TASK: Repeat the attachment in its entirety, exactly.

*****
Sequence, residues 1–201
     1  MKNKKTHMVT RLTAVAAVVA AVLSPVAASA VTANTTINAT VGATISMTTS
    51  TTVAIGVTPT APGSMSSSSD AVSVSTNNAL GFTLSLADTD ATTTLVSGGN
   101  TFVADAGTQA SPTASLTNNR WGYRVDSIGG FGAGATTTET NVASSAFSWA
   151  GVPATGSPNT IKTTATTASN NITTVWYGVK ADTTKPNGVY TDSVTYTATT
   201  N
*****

Sequence, residues 1–201
     1  MKNKKTHMVT RLTAVAAVVA AVLSPVAASA VTANTTINAT VGATISMTTS
    51  TTVAIGVTPT APGSMSSSSD AVSVSTNNAL GFTLSLADTD ATTTLVSGGN
   101  TFVADAGTQA SPTASLTNNR WGYRVDSIGG FGAGATTTET NVASSAFSWA
   151  GVPATGSPNT IKTTATTASN NITTVWYGVK ADTTKPNGVY TDSVTYTATT
   201  N